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UC Riverside taking final steps in planning medical school


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10:00 PM PDT on Monday, October 22, 2007

By ELAINE REGUS
The Press-Enterprise

UC Riverside is entering the final and most challenging phase of planning for its proposed School of Medicine: preparing a business plan outlining how much it will cost and who will pay for it.

Acting Chancellor Robert Grey, who was appointed in June, said Monday, "We have to get it bullet proof so everybody, from the regents, to the community, to the faculty sees it can work financially."

Grey has chosen Phyllis A. Guze as executive director for medical-school planning, formed six work groups and engaged a consulting firm to guide preparation of the school's business plan.

UCR wants to build the state's first public medical school in almost 40 years and to become the sixth UC medical school. The UC Regents approved a preliminary proposal in November 2006 authorizing UCR to proceed with final plans.

Guze is chair emerita of the Department of Medicine at the Veterans Administration Greater Los Angeles Healthcare System and a long-time professor of medicine at UCLA.. She was not available for comment Monday.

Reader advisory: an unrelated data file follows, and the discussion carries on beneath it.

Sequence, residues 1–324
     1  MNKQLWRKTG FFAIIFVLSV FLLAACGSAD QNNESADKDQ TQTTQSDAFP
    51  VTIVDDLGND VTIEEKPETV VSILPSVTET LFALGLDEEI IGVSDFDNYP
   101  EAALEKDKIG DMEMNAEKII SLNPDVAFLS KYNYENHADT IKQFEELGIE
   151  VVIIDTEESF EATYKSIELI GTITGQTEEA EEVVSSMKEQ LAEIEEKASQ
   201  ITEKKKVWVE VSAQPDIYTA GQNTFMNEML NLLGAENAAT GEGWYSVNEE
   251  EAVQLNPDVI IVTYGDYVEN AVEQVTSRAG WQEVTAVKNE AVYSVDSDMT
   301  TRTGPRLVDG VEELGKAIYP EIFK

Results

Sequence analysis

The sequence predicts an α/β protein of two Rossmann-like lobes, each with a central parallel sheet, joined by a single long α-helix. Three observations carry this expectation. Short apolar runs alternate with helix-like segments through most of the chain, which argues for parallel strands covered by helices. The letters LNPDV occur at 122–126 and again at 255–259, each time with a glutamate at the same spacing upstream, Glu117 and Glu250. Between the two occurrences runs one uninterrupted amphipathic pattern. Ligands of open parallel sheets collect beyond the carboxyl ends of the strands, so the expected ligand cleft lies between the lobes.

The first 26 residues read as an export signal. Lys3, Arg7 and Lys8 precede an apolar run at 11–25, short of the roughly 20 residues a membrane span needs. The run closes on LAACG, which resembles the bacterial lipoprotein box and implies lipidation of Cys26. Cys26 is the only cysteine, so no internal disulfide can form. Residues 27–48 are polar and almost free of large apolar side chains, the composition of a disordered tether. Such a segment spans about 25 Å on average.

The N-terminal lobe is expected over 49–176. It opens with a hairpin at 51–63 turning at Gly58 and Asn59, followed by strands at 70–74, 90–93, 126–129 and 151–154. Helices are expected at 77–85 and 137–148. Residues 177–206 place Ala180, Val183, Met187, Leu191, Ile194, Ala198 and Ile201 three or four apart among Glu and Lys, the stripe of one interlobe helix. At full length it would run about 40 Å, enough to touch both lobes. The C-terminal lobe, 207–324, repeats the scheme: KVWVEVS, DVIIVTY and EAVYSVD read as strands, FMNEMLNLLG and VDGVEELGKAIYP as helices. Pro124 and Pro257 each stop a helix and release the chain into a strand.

She helped develop the curriculum that UCR's Academic Senate is considering, Grey said. The Academic Senate will be asked to approve the curriculum and endorse the business plan early next year. Grey said he is hoping that the final proposal is ready for the regents to consider at their May meeting.

He expects to resume a search for the medical school dean early in the new year. Grey suspended the initial search because he believed the permanent chancellor should have a hand in selecting the dean. A 17-member chancellor search committee is scheduled to meet for the first time Oct. 29.

Meanwhile, Grey's work groups will analyze issues relating to the school's administrative structure, facilities and capital planning, graduate medical education programs, relationships with local medical facilities, and faculty requirements for teaching third- and fourth-year medical students. Members represent faculty, staff, medical community leaders, campus administration and alumni.

Grey said he plans to establish a chancellor's community advisory board to serve as a link between the community and the new school as it develops.

Deloitte Consulting will oversee the work of each group and provide the project management support. The $2.97 million contract plus expenses will be covered by a $5 million planning grant the university received in Summer 2006 from UnitedHealth Group, said Kathy Barton, UCR director of health affairs communication.

Reach Elaine Regus at 951-368-9478 or eregus@PE.com

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